Questions:  Since Asian culture treasures Culture of Character (introversion) over Culture of Personality (extroversion), what would the test results yield for the proportion of introverts vs. extroverts, or rather high-reactive vs. low-reactive in the amygdala?  Since genetics of that can be 50% hereditary, would Asians tend to conform to their culture and biologically/physiologically have more than 20% population of introverts in Asia?  Over time, would they adapt to American traits that are prized and have less sensitive information signals in the brain?

  • Professor Brian Little:  Free Trait Theory – “born and culturally endowed with certain personality traits, but we can and do act out of character in the service of ‘core personal projects'”
    • Self-monitoring – good at adjusting own behavior in accordance to other people and surroundings/environment.  Introverts with high scores are better at pseuo-extroversion.
      • “more pragmatic than principled”
      • better at deception, conformist
  • Career: 
    1. What did you want to be when you grew up, why?
    2. What kind of work did you gravitate to?  Goals in pro bono work, etc. what motivates you?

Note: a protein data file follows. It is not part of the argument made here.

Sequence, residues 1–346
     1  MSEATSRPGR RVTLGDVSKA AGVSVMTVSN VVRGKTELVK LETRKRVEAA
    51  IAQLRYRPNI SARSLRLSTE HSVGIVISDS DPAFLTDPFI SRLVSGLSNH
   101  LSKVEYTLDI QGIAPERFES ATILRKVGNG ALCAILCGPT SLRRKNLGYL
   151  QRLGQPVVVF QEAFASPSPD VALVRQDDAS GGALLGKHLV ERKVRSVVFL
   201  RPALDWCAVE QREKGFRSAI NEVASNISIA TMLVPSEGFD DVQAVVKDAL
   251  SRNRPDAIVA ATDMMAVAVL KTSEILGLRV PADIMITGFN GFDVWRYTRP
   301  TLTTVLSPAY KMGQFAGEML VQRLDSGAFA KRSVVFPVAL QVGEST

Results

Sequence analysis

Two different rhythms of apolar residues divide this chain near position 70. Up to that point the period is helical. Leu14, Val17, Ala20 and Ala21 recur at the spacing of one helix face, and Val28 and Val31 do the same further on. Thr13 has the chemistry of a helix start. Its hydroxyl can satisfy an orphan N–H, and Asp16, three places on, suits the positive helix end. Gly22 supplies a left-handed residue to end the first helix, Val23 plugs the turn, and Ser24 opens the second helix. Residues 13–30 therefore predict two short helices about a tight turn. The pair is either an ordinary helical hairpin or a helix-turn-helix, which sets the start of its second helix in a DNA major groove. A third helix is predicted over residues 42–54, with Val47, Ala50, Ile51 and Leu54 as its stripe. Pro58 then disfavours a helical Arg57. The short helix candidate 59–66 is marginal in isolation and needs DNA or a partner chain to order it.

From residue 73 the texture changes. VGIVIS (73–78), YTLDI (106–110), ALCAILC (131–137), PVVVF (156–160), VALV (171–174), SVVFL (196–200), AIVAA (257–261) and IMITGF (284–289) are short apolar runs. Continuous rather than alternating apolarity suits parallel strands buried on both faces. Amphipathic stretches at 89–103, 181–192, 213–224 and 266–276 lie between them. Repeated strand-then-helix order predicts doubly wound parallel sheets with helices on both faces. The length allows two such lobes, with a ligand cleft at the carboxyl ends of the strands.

3. What/who do you envy?  (Susan Cain said writers and psychologists, not Wall Street lawyers)  
  • “Restorative Niches” -place to return to your true self.  Physical place, or brief time.  Evaluate presence/absence at new job as carefully as family leave policy or health insurance plans
  • Approaching requests at work empirically rather than psychologically works well to appeal for extroverts 😀  “nature of work required quiet time to concentrate, two days of work from home”
  • Extroverts:  “need people as a forum to fill needs for social impact; may influence how many friends you have, but not how good a friend you are” (pg. 227).
  • Introverts:  sincere, meaningful conversations .
  • Big Five traits:
    • Introversion-Extroversion
    • Agreeableness
    • Openness to Experience
    • Conscientiousness
    • Emotional Stability
  • The Communication Gap between Introverts/Extroverts
    • Introverts have two gears:  overwhelming feelings and detached self-possession.
      • How to show emotions without losing control?
      • More prone to cooperation, minimize aggression aka “receding emotionally”
    • Extroverts:  “confrontive copers” up-front, argumentative approach
      • more prone to competition
    • Hong Kong vs. Israeli MBA students
      • Asians prefer friendly business manager rather than hostile
      • Israelis equally likely to accept either – view disagreement not as sign of disrespect but that opposing party is concerned, passionately engaged
    • “Anger:  The Misunderstood Emotion”- Carol  Tavris.  Bengali cobra should hiss, but not bite.
      • “You’re so antisocial” –> rephrase:  “Can we figure out a way to organize our weekends that work for us both?”  (extrovert to introvert)
      • Introverts are better at observing social dynamics than participating in them (distracted by multi-tasking efforts)
  • Cobbler vs. General – providing space for introvert or extrovert to fulfill potential
    • ‘iatrogenic’ problem:  when the treatment makes you sick.